Let’s get down to the business with the scene, the setting and the performance. While I have enjoyed a lot of what this game has to offer, there are also some issues here that need to be addressed. The look of this game and my initial reactions were not solely positive, and it just felt like the game lacked the polish that it needed. The performance of Redfall wasn’t too bad on the Series X where I only encountered a few issues of weird graphical glitches and floating characters here and there. When I jumped across to play this game on the PC to test it out I was met with regular issues, including short regular freezing, and I could definitely see how some players would not push through this title. The AI of this game is also ‘off’. As an example, I could regularly just walk up to a vampire and stand right underneath or next to it and jump around and it would be oblivious to my presence. Another issue came up when I was undertaking a safe house side mission and all the enemies were attacking me from under the ground and I was not able to fight back. There are also some things around the game that lack an explanation as well. As an example, I finished the campaign and its completion triggered a cut scene, credits and then back to the main title scene. When loading in as that character again I was taken straight into a new game, well what appeared to be a New Game + option as I still held all items from the initial playthrough. Now I have no issues with this, but any achievement hunter may need a warning at this point advising of the second point of no return. These are just some issues there that need addressing to build on the solid foundation that the team at Arkane have put in place.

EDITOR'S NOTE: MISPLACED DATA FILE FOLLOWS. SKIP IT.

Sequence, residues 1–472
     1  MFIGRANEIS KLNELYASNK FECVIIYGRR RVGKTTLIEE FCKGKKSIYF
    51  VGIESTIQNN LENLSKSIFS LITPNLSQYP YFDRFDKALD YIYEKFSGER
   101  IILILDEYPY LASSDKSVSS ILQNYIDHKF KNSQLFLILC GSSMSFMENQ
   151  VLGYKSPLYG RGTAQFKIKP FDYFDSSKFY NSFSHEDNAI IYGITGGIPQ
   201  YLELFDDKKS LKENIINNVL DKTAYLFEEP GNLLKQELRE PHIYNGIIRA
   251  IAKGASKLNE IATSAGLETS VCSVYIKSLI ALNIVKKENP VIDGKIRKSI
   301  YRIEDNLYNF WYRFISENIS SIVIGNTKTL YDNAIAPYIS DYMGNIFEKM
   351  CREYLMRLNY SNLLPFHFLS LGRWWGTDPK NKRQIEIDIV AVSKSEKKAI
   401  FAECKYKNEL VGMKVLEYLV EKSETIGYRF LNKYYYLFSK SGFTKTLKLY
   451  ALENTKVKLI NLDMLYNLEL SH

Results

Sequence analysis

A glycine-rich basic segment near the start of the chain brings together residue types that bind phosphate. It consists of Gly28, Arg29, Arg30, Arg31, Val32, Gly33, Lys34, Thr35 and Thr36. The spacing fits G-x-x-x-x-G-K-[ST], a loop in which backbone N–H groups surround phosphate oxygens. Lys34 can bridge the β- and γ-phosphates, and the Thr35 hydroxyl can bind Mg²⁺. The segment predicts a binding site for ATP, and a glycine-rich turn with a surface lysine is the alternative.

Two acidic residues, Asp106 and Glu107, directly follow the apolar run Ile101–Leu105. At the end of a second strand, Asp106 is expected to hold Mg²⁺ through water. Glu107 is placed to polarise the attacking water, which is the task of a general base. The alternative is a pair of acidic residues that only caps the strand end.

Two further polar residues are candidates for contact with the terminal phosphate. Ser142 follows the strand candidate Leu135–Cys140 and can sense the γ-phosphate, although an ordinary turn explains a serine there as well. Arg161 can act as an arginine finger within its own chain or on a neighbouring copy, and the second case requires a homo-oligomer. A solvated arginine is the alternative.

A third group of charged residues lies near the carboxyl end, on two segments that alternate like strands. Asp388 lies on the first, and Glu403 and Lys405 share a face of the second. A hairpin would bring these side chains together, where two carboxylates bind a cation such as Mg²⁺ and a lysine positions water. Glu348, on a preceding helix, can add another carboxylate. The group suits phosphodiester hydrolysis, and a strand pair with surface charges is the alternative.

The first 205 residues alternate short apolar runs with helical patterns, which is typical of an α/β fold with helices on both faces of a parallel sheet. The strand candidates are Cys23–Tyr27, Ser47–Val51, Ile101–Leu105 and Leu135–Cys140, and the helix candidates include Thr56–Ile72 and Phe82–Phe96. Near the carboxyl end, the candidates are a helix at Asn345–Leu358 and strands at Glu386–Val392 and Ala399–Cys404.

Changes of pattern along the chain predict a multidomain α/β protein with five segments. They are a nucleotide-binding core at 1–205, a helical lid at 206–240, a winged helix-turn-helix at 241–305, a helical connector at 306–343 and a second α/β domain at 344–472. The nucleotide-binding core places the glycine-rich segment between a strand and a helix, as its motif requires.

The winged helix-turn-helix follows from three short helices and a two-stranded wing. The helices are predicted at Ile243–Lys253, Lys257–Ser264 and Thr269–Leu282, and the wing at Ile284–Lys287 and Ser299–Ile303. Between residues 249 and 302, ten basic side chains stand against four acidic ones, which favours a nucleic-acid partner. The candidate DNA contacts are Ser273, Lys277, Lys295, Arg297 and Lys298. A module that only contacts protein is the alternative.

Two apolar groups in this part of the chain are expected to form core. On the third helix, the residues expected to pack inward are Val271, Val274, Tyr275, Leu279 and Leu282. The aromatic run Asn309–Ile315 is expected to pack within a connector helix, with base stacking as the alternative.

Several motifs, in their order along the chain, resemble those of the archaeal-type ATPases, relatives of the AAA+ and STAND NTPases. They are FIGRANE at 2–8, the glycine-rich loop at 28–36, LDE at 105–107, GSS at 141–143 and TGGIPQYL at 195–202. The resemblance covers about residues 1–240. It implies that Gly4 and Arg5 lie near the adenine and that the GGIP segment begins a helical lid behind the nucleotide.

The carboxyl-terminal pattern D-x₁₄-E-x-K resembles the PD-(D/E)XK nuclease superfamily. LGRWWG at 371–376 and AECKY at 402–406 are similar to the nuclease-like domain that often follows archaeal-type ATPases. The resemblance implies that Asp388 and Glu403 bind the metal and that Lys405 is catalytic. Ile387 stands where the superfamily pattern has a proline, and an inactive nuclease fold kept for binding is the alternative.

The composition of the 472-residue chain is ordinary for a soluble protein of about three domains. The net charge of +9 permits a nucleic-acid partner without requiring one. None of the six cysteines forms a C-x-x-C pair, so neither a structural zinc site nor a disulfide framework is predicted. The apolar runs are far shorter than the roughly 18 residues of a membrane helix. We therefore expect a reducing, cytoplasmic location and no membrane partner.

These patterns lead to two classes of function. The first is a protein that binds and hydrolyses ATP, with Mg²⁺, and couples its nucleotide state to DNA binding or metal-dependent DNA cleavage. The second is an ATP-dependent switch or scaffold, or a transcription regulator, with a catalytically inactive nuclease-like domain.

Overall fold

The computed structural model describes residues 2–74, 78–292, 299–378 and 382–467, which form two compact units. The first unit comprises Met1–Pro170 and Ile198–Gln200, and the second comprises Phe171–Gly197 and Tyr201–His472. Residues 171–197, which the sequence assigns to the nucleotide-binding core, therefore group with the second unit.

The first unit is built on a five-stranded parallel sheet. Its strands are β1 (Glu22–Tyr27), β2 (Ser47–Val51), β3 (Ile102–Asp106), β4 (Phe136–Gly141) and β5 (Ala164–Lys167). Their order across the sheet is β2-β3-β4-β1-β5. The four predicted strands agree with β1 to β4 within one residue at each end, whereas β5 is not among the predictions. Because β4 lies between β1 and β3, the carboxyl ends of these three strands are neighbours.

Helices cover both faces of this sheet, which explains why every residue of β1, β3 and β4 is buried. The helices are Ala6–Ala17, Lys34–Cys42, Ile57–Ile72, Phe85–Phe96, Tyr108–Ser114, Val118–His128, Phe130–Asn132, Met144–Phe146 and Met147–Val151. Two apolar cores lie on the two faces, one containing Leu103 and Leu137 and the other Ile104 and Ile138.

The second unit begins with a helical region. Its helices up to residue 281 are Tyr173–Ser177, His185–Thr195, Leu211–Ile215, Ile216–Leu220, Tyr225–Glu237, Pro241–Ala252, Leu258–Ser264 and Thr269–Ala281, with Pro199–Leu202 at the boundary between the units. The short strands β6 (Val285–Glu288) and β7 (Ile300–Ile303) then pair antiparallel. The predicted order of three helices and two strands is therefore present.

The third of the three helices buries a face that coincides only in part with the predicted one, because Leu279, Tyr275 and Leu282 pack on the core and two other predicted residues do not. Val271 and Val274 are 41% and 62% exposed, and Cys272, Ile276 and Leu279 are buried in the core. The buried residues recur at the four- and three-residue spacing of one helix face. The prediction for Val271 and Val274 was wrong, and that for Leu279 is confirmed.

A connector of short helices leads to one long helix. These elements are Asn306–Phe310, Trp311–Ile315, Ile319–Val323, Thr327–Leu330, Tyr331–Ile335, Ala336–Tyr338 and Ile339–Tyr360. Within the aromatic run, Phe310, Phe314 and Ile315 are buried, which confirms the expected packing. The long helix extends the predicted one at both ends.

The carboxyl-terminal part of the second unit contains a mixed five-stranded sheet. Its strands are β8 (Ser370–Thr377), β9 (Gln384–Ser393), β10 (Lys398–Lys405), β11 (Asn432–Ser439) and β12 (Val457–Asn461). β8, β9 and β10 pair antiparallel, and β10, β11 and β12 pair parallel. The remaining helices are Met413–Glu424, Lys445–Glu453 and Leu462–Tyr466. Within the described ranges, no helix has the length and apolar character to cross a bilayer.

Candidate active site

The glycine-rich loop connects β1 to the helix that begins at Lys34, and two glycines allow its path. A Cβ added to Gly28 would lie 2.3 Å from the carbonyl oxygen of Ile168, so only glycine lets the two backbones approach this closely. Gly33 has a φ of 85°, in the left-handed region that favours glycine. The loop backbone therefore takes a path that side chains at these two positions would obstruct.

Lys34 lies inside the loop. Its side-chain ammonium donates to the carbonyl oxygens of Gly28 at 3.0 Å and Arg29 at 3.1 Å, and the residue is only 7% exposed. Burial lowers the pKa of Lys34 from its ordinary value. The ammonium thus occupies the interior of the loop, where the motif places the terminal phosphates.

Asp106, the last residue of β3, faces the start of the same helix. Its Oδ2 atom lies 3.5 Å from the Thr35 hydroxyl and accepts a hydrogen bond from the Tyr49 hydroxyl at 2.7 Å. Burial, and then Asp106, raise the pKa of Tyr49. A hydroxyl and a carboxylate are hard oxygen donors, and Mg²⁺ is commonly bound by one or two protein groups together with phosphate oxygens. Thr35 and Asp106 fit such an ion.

This game does offer an online cooperative option but beware that campaign progression only occurs for the host game and any player joining the game is not scaled up or down in level to meet the host. All joining players do earn experience and keep collected loot which is a positive. Again, like a lot of games nowadays, there is no couch co-op option at all. Plus, the replay-ability is currently based on replaying the campaign which, without friends to play with or achievements to get, there may be nothing there to take the player back into Redfall.